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Multi-Party Charter presents plan to end load-shedding

Sisanda Mbolekwa Politics reporter
From left, Modiri Desmond Sehume of the United Christian Democratic Party, Prince Nkwana of the Unemployed National Party, John Steenhuisen of the DA, Prof Jannie Rossouw, Velenkosini Hlabisa of the IFP, Dr Zukile Luyenge of the Independent South African National Civic Organisation, Herman Mashaba of ActionSA, Winston Coetzee of the Spectrum National Party, Neil de Beer of the United Independent Movement, and Mahlubi Madela of the Ekhethu People's Party at the Multi-Party Charter press conference in Durban on January 24 2024.
From left, Modiri Desmond Sehume of the United Christian Democratic Party, Prince Nkwana of the Unemployed National Party, John Steenhuisen of the DA, Prof Jannie Rossouw, Velenkosini Hlabisa of the IFP, Dr Zukile Luyenge of the Independent South African National Civic Organisation, Herman Mashaba of ActionSA, Winston Coetzee of the Spectrum National Party, Neil de Beer of the United Independent Movement, and Mahlubi Madela of the Ekhethu People's Party at the Multi-Party Charter press conference in Durban on January 24 2024.
Image: Gallo Images/Darren Stewart)

The Multi-Party Charter (MPC) believes ending Eskom's monopoly and increasing private power generation is the answer to end load-shedding.

The 11 parties in the MPC on Wednesday unveiled a plan to create a competitive and open energy market that will make Eskom's years of underperformance and load-shedding a thing of the past.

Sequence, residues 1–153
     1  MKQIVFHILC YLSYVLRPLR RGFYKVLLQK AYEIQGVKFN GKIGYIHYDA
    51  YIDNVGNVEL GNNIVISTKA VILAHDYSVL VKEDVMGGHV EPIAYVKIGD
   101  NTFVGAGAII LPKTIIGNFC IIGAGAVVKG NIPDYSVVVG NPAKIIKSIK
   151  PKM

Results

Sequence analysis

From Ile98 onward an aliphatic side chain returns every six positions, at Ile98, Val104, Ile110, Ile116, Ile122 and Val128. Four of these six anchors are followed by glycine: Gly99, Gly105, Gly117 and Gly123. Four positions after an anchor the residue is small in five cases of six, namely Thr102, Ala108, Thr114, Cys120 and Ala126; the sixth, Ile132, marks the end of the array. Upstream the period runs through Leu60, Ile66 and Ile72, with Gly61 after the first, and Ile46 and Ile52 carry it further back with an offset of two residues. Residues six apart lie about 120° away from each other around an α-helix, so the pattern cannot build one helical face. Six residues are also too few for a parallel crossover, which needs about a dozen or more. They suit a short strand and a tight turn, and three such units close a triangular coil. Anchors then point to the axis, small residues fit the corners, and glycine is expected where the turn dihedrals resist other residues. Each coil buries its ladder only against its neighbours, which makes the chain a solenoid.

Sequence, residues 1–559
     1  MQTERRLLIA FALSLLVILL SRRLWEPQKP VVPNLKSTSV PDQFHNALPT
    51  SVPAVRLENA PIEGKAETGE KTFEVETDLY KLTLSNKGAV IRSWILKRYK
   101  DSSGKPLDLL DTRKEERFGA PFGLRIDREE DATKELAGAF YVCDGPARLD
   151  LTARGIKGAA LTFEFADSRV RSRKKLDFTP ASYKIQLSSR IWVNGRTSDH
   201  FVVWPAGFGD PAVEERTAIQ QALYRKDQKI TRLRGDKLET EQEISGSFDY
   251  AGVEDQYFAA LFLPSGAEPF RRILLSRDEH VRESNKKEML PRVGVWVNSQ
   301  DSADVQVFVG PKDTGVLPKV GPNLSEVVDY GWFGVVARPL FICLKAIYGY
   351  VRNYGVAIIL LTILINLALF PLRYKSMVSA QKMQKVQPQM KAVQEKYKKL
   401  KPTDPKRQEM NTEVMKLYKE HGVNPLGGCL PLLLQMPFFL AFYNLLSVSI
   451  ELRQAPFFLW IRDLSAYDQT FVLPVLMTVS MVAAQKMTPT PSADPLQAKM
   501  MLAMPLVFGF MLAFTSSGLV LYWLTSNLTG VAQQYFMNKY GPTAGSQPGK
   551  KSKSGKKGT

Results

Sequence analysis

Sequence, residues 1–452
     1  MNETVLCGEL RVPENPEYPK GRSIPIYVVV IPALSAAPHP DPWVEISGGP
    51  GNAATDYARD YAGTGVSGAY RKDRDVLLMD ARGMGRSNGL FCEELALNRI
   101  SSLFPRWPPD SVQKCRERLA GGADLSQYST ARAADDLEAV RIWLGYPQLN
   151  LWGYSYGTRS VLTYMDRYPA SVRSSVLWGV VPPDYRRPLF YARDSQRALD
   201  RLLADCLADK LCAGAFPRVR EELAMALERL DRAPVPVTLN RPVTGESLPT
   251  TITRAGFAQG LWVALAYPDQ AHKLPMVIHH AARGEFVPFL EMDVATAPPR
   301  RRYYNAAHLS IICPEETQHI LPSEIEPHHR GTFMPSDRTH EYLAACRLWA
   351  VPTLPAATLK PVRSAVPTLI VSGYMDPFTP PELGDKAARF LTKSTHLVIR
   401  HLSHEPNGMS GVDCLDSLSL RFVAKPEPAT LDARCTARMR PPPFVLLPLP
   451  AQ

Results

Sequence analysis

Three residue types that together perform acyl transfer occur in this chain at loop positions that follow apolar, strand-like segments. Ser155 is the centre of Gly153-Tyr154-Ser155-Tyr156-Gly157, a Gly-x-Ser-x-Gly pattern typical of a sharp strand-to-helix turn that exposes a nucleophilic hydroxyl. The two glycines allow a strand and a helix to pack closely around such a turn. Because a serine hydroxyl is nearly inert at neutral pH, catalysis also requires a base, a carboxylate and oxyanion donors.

ActionSA leader Herman Mashaba presented the plan on behalf of the MPC, saying there is an urgent need for the electorate to remove a failed government and hand the reins to a leadership with the skills, political will, and integrity to end rolling blackouts and increase sustainable energy development.

“The [proposed] reforms announced by the charter today [Wednesday] will secure South Africa’s energy future while increasing clean, renewable energy use.”

The MPC said first-time voters in 2024 have never known life without load-shedding, with the economy losing hundreds of billions of rand.

Countless small businesses were shutting their doors because of the ineptitude, corruption and mismanagement of Eskom by national government, which has destroyed South Africa’s energy security.

The MPC has adopted a three-pronged approach: reforming Eskom, establishing an open energy market and ensuring a just transition to a renewable energy future.

These include:

  • expediting the unbundling of Eskom to produce a separate transmission company which will be a stand-alone grid and market operator;
  • abolishing the ministry of electricity and housing its functions in existing ministries;
  • ensuring appointments at Eskom and other energy sector leadership roles are based on merit, eliminating political interference in the board and management of Eskom, ending cadre deployment and eradicating corruption in the energy sector;
  • investing heavily in maintaining and upgrading grid infrastructure;
  • creating a conducive regulatory environment for the construction of micro-grids;
  • establishing a competitive electricity supply market where multiple electricity producers can compete on an open platform;
  • facilitating and encouraging the wheeling of power between distribution generators and customers through transmission and distribution grids by approving standard wheeling tariffs;
  • aggressively promoting demand-side management to reduce electricity demand;
  • incentivising the rapid rollout of rooftop PV through feed-in-tariffs, tax rebates on installation and the zero-rating of PV panels and components; and
  • collaborating with domestic and international partners to achieve a rapid and just energy transition from coal to cleaner and more diversified sustainable energy sources.

The parties are committed to retraining and reskilling people in the coal sector to ensure the socioeconomic impact of the energy transition is justly managed.

“Care will be taken to ensure this transition does not result in job losses or place the nation’s energy security at risk. We have consulted a broad range of experts and are capitalising on the governance experience within the charter.”

TimesLIVE


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